A Romantic, a Monk, and a Neoliberal Walk Into a Bar…
On Romanticism in Politics
Romanticism is wonderful in a work of fiction, art or video game. As a died-in-the-wool modern day romantic, I’ve spent most of my life doing my best to use fantasy novels, role-playing-games, and other modes of escape to travel to other worlds. This world can feel awfully pale and insubstantial at times.
Sometimes, when this drab reality causes us to yearn for the romantic, even (or perhaps especially) in the realm of the political.
Take Occupy Wall Street. Shawn Gude writes:
“It was my first experience of an enlivened, confident left. This beautiful upsurge radicalized me and opened my eyes to alternatives: both of ways to order society and to think about the problems of liberalism—this time from a leftist, anti-capitalist perspective. It also prompted me to take the long view of the struggle for freedom, equality, and self-determination. I became convinced that expending too much energy on short-term, trans-ideological coalitions can militate against the longer term, Gramsican goal of uprooting the prevailing neoliberal capitalist ideology. Myopic pragmatism can undermine the long-term project of the egalitarian left.”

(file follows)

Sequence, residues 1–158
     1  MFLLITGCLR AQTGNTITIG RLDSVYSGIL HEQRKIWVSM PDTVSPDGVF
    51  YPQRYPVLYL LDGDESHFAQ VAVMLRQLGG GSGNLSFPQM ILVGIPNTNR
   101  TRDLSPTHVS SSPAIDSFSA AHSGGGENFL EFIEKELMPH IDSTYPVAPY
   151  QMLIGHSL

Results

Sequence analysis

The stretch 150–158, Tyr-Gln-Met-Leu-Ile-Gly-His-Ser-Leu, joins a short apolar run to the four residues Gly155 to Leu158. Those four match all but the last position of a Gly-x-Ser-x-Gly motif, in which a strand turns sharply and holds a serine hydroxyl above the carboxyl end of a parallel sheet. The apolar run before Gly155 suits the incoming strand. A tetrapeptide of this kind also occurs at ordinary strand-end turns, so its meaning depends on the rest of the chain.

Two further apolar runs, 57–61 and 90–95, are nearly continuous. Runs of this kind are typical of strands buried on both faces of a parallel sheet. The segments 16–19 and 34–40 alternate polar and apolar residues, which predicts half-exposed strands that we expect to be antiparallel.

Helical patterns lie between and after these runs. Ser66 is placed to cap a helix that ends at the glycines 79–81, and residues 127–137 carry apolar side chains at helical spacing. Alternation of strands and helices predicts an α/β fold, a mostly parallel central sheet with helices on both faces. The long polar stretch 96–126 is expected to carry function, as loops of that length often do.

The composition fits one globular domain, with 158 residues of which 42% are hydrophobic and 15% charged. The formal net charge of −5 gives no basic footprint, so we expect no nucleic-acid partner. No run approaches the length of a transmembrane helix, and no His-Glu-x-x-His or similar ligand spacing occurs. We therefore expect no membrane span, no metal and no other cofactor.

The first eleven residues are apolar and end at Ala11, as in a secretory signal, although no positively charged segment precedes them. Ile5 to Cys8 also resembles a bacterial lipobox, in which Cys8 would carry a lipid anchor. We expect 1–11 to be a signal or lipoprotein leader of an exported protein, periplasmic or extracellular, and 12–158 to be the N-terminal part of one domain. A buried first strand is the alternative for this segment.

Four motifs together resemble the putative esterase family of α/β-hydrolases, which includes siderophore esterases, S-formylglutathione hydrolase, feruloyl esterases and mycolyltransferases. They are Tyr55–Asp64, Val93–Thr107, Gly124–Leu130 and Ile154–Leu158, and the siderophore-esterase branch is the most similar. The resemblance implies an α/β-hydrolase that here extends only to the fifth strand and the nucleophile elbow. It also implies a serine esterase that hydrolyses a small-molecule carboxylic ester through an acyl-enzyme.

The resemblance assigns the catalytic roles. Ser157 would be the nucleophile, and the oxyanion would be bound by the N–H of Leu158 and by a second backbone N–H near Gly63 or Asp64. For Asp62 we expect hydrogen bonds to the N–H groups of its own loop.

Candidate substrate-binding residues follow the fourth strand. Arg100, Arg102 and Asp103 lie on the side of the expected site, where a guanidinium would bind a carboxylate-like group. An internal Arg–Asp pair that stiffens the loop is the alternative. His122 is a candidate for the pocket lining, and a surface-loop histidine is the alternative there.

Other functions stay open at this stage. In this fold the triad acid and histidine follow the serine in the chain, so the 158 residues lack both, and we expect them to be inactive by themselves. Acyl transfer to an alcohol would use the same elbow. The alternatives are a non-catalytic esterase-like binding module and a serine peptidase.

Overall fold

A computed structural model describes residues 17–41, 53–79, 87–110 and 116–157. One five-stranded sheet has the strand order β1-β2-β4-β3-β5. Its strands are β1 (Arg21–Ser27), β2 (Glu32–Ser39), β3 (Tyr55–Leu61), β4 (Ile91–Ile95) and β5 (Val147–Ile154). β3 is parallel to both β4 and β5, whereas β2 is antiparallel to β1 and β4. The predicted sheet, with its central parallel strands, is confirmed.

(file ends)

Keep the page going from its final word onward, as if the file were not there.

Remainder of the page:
Political romanticism requires heroes and villains. In neoliberalism – a word that has so many meanings it is almost meaningless – a certain contingent on the left has found its villain.
Shawn points to his second influence in his shift away from left-libertarianism toward something more concretely leftist in nature – the work of Corey Robin. “Robin’s principal assertion is that the right is animated by an opposition to the extension and deepening of democracy,” Shawn writes.
Libertarians, also, are far too hostile toward democracy according to Shawn. And liberals have dropped the ball by focusing on “ostensibly more important objectives and principles” (though we are left to guess what these might actually be.)